You southern pride revisionists can sit here and make your paper thin arguments that the war was actually because of states rights, then when that fails you can try and say that they should have just let the south secede they don't matter. Yes the northern soldiers destroyed the south, that is a terrible cold fact but trying to excuse the south in any way makes you nothing more than an apologist.

  • soupburger||

    Should have had some coffee before I typed that out, too many typos and grammatical errors for my taste.

  • Ketogenic Paleo||

    red herring

  • sarcasmic||

    The Civil War happened because one man, A. Lincoln, decided to go to war when some Southern states seceded over tariffs.

    Google up "declarations of secession" and give some of them a read.

    Secession was indeed about slavery. The war was to preserve the union, but secession was about slavery. Mostly.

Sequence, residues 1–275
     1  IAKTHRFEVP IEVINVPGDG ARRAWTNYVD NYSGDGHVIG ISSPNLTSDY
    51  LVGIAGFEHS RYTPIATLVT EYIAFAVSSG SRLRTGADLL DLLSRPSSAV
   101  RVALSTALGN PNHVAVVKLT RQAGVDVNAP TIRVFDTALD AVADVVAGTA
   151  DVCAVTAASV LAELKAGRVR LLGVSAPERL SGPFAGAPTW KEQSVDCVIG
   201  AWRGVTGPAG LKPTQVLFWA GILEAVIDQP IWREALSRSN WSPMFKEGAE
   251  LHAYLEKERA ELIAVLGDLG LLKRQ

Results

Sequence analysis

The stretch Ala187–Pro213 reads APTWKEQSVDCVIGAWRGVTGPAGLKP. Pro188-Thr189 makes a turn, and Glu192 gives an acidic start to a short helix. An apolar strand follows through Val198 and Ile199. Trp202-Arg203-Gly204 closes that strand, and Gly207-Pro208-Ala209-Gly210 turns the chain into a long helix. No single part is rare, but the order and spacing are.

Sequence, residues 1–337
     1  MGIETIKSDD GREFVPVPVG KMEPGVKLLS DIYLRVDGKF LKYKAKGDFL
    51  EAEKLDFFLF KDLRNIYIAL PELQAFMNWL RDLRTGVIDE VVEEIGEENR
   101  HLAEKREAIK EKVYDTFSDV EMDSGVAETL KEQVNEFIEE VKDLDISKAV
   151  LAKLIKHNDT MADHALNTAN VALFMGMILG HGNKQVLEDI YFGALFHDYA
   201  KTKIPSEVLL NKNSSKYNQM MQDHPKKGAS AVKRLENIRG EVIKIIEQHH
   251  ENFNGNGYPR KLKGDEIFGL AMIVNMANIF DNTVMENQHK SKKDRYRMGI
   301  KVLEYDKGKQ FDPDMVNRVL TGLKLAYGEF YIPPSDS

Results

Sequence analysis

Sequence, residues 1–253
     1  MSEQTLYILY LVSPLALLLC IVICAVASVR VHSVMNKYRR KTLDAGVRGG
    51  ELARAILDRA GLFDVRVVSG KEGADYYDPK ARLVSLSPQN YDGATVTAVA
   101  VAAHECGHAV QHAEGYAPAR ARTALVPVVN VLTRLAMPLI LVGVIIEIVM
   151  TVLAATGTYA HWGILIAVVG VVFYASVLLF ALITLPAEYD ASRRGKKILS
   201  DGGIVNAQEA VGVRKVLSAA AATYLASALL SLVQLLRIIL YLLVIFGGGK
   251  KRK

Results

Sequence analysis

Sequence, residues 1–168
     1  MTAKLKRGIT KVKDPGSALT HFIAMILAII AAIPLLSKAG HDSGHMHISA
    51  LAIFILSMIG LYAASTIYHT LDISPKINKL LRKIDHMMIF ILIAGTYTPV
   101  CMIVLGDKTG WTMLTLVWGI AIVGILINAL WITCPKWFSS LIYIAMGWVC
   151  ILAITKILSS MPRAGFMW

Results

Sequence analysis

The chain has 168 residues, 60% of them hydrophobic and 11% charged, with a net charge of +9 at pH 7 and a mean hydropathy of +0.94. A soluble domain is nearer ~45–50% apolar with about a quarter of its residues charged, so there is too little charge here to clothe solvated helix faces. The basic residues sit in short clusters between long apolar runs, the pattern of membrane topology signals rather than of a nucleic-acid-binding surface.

Had the South seceded because they thought Yanks talk funny, Lincoln would still have gone to war.

    So yes secession was about slavery, but the war was not.

  • cavalier973||

    This.

    The north was desperate to keep the South from getting out from under its thumb; so desperate, they passed a Constitutional Amendment to prohibit Congress from ever abolishing slavery. It passed, but wasn't ratified before the South declared its independence.

  • KPres||

    Towards the end of the war, Jefferson Davis sent delegates to the English and French requesting military assistance in exchange for abolishing slavery. The Europeans refused, not the least of which because the war was probably already lost, but the lesson is clear...when forced to choose, the Confederacy took independence over slavery. That should be very convincing to libertarians who are big on revealed preference.